{¶ 13} In an affidavit filed with the domestic-relations court just one minute after Polen's motion, Bukstein averred that she was assisting Polen's access to justice, serving as a neutral third-party observer and a friend of the court, and bringing attention to situations in which Polen's rights had been denied. Bukstein argued that Polen had been “denied due process and kept from remedy and resolution,” compared the facts of Polen's case to the facts giving rise to a fraud and corruption investigation of California's family courts, and claimed that she had “accomplished a great deal” in Polen's domestic-relations case. Bukstein also attached an annotated list of exhibits to her affidavit that was identical to the one that was submitted with Polen's motion.

{¶ 14} In a later pro se motion, Polen asked the court to dismiss or deny her ex-husband's motion for attorney fees and to award her custody of their minor child on the ground that the court's prior orders were void ab initio because the judge's signatures on them were forged.

{¶ 15} Attached to that motion was a letter on Bukstein's letterhead and signed by Bukstein making the same argument and further alleging that Polen's ex-husband obtained custody of the child by fraud and a sham legal process, in violation of R.C. 2921.52 and Polen's constitutional rights. That letter refers to complaints that Bukstein filed with the Ohio State Bar Association against the ex-husband (who is an attorney), Judge Capper, Polen's former counsel, and Douglas Geyer, counsel for the ex-husband, and suggests that if any of those attorneys would support the restoration of Polen's rights, “I would be inclined to drop the complaint against that attorney. After all that is something that is well within my power.”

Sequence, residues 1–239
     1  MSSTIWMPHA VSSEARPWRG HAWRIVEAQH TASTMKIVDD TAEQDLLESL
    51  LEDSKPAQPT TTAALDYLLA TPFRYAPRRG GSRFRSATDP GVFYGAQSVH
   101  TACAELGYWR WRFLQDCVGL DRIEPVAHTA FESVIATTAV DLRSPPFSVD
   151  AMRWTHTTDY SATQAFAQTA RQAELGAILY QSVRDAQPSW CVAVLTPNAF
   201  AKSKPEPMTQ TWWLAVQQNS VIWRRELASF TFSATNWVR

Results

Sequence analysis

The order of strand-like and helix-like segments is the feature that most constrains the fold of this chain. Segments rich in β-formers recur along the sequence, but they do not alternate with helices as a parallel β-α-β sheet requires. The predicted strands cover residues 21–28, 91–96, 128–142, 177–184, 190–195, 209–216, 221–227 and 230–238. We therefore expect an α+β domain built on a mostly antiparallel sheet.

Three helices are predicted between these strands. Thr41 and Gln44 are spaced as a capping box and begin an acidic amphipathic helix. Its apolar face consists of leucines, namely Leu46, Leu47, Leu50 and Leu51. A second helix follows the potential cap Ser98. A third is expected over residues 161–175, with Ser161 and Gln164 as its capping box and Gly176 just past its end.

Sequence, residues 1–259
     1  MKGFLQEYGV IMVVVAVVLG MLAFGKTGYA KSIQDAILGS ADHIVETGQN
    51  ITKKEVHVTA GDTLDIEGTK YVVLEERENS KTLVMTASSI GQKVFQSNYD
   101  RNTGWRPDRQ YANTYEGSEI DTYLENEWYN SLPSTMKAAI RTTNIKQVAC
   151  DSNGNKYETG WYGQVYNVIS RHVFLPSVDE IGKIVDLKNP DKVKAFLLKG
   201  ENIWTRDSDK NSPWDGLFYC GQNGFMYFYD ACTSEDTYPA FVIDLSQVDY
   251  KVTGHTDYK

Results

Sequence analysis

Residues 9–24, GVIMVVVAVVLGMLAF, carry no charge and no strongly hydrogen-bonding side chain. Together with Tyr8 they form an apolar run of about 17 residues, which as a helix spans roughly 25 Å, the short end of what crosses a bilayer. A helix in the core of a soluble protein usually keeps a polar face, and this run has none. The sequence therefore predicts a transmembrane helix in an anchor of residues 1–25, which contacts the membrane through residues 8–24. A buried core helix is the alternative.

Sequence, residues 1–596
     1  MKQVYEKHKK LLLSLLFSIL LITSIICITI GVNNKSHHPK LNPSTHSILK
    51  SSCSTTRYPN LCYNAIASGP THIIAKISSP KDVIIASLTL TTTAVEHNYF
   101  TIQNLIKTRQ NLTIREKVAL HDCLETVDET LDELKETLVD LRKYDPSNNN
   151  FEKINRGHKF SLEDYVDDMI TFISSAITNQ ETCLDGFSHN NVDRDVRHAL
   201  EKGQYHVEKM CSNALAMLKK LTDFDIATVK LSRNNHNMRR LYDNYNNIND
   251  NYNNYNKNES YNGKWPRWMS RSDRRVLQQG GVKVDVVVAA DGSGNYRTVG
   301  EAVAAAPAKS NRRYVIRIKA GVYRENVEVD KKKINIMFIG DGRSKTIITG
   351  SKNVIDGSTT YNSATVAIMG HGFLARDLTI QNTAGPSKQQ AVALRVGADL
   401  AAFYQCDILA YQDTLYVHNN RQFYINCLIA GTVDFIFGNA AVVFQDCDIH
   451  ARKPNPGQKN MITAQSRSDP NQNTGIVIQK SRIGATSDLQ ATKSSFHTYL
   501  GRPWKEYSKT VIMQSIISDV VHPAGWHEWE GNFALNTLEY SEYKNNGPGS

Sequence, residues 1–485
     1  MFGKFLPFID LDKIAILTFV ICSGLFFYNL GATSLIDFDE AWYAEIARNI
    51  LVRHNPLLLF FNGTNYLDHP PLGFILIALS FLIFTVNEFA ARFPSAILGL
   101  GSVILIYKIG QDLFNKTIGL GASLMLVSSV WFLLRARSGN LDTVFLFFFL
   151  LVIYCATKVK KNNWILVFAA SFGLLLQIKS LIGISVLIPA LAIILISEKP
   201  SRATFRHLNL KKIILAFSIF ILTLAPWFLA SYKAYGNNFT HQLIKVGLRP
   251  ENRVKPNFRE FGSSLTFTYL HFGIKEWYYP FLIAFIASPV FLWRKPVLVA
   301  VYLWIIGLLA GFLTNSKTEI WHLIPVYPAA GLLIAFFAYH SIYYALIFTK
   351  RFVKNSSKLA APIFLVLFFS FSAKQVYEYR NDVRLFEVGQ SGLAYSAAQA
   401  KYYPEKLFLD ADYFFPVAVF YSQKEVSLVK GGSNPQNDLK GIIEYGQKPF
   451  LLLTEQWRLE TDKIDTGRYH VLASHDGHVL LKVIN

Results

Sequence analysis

{¶ 16} Also attached to Polen's March 15, 2012 motion was an e-mail that Bukstein had sent to Polen and her counsel, David McNamee, the day before, stating:


This email is to confirm our conversation just now since you are at work and this needs to be communicated immediately.

1. That you are working on putting together a pro se motion and should have that ready by tomorrow.

2. That McNamee had better not file that continuance because you do not agree. (if he files that behind your back without your permission I'll file yet another BAR complaint about his stunt )

3. McNamee's [sic] has not sent you anything yet nor can we see anything filed from him in the on line docket. I'll call the court today and ask if he has. Also let them know McNamee dumped you as his client and if he files is [sic] notice to with draw [sic] that's fine but to not accept that continuance at least not yet.

This is to document.

(Emphasis and boldface sic.)

{¶ 17} Comparing these motions and documents, it is evident that Bukstein advised Polen, assisted her in preparing the legal arguments in her case, and advanced those arguments on Polen's behalf in correspondence intimately related to her domestic-relations case. Our precedent is clear: “The practice of law is not limited to appearances in court. It also embraces the preparation of papers that are to be filed in court on another's behalf and that are otherwise incident to a lawsuit.” Toledo Bar Assn. v. Joelson, 114 Ohio St.3d 425, 2007–Ohio–4272, 872 N.E.2d 1207, ¶ 6. Therefore, we accept the board's finding that Bukstein engaged in the unauthorized practice of law in the Polen matter.